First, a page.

Position the knife at a right angle to the grain of the muscle and slice
the meat 1/4 inch thick. Cutting across the grain allows you to pound
the meat evenly and produces the best texture. Excise any sinew or
fat you encounter along the way.
Brush one sheet of parchment paper with olive oil. Lay about 3 ounces
of sliced meat in the center. A serving need not be a single slice – you
may need to compose it of a few smaller slices. If so, make sure the
slices are not overlapping. Place a second sheet of paper over the
meat and press to smooth. Repeat with the remaining slices of meat
to make 4 “packages”.
Working outward from the center, pound the meat evenly with a meat pounder or a flat-faced rubber mallet. Pound just hard enough to stretch
the muscle without tearing the fibers. If you are too aggressive, the meat
will disintegrate into uninteresting bits. Aim for a thickness of 1/16 inch.
Hold the paper up to the light to check for evenness. Smooth the pounded carpaccio with one light pass of a rolling pin. The finished sheets of
carpaccio will be two to three times bigger than the un-pounded meat.

Refrigerate promptly. If it suits your schedule, you can complete this
phase up to 12 hours in advance, although for optimum flavor, try to
serve within 6 hours.

Serving the carpaccio:

Carefully peel off one sheet of parchment from each “package,” then
lay its exposed meat side on a cold plate. Press to smooth, then carefully
peel away the other sheet.
Season lightly with salt, then finish with a long drizzle of extra-virgin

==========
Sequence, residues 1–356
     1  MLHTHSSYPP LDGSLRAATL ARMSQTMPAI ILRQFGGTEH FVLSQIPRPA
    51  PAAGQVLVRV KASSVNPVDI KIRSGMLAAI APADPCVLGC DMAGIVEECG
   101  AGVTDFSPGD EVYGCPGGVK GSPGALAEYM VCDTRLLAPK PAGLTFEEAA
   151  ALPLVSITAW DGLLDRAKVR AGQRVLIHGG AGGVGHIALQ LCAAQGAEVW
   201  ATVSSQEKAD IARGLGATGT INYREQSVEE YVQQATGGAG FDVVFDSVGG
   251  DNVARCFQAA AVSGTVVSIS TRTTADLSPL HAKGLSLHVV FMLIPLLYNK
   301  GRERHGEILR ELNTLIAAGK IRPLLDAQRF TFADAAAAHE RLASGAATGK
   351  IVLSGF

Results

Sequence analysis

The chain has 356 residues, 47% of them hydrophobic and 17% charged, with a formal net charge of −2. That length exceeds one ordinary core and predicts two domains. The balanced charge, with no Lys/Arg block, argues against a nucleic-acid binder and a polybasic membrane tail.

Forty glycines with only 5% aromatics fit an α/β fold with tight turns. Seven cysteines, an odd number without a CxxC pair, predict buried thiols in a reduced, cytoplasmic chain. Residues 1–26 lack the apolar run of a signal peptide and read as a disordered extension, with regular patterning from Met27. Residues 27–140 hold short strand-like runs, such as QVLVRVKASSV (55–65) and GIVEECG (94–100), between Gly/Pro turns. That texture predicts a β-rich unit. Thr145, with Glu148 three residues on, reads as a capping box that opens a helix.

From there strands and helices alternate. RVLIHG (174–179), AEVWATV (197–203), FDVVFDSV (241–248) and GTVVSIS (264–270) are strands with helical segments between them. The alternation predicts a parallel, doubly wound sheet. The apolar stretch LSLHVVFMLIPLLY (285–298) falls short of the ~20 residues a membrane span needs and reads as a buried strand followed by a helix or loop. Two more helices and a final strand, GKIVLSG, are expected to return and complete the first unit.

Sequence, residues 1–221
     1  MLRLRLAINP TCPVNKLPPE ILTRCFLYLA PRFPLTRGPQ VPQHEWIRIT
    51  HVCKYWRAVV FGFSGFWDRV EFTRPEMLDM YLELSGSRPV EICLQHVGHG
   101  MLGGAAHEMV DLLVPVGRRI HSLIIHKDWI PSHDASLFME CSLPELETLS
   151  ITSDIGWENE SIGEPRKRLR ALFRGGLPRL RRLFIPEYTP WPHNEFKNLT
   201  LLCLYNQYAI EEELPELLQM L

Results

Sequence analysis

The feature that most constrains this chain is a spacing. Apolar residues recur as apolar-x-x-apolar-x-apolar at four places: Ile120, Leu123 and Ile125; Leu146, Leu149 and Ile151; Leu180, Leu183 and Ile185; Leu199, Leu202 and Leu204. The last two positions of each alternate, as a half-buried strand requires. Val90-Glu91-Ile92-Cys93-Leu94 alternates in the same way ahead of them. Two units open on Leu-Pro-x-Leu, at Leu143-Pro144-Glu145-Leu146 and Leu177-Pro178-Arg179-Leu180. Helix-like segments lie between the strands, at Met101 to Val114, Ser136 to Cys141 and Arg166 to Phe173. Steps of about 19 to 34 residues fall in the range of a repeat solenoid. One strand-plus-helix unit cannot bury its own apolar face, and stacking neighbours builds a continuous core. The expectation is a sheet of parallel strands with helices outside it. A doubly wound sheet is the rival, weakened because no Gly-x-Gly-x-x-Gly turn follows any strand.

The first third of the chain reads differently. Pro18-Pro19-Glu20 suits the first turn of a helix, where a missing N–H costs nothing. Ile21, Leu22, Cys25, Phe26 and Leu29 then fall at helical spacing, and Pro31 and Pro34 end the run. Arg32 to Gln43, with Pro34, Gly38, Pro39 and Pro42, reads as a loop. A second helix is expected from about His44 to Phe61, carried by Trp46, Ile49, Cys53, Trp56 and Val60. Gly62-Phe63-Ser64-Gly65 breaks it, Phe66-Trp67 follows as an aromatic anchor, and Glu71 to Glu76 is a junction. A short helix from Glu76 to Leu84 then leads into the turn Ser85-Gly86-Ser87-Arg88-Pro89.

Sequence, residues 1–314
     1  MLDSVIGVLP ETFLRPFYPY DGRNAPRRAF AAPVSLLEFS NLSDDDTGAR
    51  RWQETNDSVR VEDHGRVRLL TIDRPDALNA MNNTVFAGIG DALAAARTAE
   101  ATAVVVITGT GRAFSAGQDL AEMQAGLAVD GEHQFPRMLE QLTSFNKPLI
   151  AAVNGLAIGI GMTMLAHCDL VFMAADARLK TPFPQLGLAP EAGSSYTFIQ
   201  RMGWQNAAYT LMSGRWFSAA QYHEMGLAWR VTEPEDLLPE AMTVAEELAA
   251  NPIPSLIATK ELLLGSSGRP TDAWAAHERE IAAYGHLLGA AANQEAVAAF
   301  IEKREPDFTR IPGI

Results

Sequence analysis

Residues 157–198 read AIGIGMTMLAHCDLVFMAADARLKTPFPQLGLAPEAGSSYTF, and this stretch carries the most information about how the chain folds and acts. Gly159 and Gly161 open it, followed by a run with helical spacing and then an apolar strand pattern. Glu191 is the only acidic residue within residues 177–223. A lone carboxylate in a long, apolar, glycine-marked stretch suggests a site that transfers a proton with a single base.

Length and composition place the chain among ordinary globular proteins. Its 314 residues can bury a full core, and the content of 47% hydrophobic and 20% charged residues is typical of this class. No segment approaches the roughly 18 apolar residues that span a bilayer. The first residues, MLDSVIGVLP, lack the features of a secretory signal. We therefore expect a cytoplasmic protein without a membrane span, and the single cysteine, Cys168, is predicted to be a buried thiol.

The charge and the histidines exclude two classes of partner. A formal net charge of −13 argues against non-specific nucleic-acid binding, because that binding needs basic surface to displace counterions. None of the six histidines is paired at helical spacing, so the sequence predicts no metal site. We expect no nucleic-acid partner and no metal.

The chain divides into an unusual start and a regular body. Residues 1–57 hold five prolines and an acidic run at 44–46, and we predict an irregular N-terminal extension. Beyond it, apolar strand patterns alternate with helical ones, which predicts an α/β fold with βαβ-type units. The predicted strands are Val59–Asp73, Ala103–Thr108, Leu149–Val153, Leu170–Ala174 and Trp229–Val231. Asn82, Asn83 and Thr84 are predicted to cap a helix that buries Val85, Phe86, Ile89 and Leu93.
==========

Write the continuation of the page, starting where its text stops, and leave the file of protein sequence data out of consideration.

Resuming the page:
olive oil and a squeeze of lemon juice. I sometimes add a dusting of
finely grated bottarga as well. Bottarga is salted, dried fish roe –
bottarga di tonno is made from tuna roe; bottarga di mugine is
milder, firmer gray mullet roe.
Or try one of the following elaborations. In each case, be stingy with
the garnishes; they are meant to flatter the carpaccio, not obscure it.


Carpaccio with Crispy Artichoke
Hearts & Parmigiano-Reggiano

Wine: Pomino Rosso, Frescobaldi, 1998

4 pounded sheets carpaccio [above]
8 small artichokes (firm and heavy for their size)
About 1/2 cup mild-tasting olive oil
A small chunk of Parmigiano-Reggiano
(about 2 ounces)
2 tablespoons capers, rinsed, pressed between
dry towels, and barely chopped
2 tablespoons extra-virgin olive oil
1 lemon, halved
Freshly cracked black pepper

Just before serving, “turn” the artichokes. First remove a few outer
layers of leaves from each artichoke to reveal the pale, kidskin-soft
inner petals. Trim off the tip and stem, then use the top of a paring